2 x Intellivision-style controller (12 button keypad and 'fire' buttons on the sides)
Arcadia 2001 is a second-generation 8-bit console released by Emerson Radio in 1982 following the release of ColecoVision. It was discontinued only 18 months later, with a total of 35 games having been released.
Arcadia 2001 is not a product of Arcadia Corporation, manufacturer of the 2600 Supercharger, and was sued by Emerson for trademark infringement. Arcadia Corporation then changed its name to Starpath. Emerson licensed the Arcadia 2001 to Bandai which released it in Japan, and over 30 Arcadia clones exist.
The Arcadia is much smaller than its contemporary competitors and is powered by a standard 12-volt power supply so it can be used in a boat or a vehicle. This portability feature, however, requires a portable television, which was extremely rare in the early 1980s. It also has two outputs (or inputs) headphone jacks on the back of the unit, on the far left and far right sides.
The system came with two Intellivision-style controllers with a 12 button keypad and 'fire' buttons on the sides. The direction pads have a removable joystick attachment. Most games came with BoPET overlays that could be applied to the controller's keypads. The console itself had five buttons: power, start, reset, option, and select.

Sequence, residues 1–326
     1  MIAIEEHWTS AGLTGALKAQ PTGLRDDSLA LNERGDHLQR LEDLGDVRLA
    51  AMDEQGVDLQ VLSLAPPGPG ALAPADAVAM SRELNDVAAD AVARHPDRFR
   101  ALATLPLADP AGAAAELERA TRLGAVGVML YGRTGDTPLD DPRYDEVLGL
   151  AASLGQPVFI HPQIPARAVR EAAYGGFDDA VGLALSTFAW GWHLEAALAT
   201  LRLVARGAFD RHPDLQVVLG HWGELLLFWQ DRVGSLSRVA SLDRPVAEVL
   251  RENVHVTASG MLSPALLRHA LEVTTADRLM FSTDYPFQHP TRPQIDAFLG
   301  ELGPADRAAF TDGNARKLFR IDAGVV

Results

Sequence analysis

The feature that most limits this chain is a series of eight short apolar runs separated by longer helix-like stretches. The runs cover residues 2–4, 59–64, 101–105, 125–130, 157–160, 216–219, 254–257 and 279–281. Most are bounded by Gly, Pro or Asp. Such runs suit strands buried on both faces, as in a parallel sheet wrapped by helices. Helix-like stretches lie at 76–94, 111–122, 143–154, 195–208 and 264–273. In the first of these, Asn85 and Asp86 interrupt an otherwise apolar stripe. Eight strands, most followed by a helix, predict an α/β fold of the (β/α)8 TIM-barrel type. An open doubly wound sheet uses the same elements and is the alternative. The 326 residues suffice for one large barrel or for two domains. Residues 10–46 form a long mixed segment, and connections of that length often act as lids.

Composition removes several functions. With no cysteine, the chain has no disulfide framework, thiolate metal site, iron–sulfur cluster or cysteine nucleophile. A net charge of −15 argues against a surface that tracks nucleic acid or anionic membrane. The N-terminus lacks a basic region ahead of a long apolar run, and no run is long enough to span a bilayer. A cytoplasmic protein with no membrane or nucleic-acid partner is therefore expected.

There are at least three different types of cartridge case styles and artwork, with variations on each. Emerson-family carts come in two different lengths (short and long) of black plastic cases.
Emerson actually created many popular arcade titles including Pac-Man, Galaxian and Defender for the Arcadia, but never had them manufactured as Atari started to sue its competitors companies for releasing games to which it had exclusive-rights agreements. Early marketing showed popular arcade games, but they were later released as clones. For instance, the Arcadia 2001 game Space Raiders is a clone of Defender, and Breakaway is a clone of Breakout.
In 1982 the Bandai Arcadia, a variant of the Emerson Arcadia 2001, was released in Japan by Bandai. There were four Japan-exclusive game releases developed by Bandai which were the only known Arcadia titles written by other companies than UA Ltd.